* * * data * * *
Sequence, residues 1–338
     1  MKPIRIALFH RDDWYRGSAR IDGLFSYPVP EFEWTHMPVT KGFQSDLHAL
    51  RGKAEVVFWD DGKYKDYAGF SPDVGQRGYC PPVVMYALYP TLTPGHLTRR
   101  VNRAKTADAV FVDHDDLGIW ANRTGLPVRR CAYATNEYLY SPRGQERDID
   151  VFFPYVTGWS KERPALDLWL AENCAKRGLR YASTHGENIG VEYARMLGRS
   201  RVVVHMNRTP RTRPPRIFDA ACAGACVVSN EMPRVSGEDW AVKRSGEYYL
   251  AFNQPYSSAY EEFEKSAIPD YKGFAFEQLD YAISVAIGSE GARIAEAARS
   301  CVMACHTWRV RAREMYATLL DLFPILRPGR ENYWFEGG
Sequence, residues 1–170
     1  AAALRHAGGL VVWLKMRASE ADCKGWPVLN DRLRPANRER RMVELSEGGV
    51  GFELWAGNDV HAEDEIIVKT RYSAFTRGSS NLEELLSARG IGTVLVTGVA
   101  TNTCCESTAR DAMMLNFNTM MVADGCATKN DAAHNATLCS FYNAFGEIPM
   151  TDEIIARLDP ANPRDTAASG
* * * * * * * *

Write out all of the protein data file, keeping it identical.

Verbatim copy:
Sequence, residues 1–338
     1  MKPIRIALFH RDDWYRGSAR IDGLFSYPVP EFEWTHMPVT KGFQSDLHAL
    51  RGKAEVVFWD DGKYKDYAGF SPDVGQRGYC PPVVMYALYP TLTPGHLTRR
   101  VNRAKTADAV FVDHDDLGIW ANRTGLPVRR CAYATNEYLY SPRGQERDID
   151  VFFPYVTGWS KERPALDLWL AENCAKRGLR YASTHGENIG VEYARMLGRS
   201  RVVVHMNRTP RTRPPRIFDA ACAGACVVSN EMPRVSGEDW AVKRSGEYYL
   251  AFNQPYSSAY EEFEKSAIPD YKGFAFEQLD YAISVAIGSE GARIAEAARS
   301  CVMACHTWRV RAREMYATLL DLFPILRPGR ENYWFEGG
Sequence, residues 1–170
     1  AAALRHAGGL VVWLKMRASE ADCKGWPVLN DRLRPANRER RMVELSEGGV
    51  GFELWAGNDV HAEDEIIVKT RYSAFTRGSS NLEELLSARG IGTVLVTGVA
   101  TNTCCESTAR DAMMLNFNTM MVADGCATKN DAAHNATLCS FYNAFGEIPM
   151  TDEIIARLDP ANPRDTAASG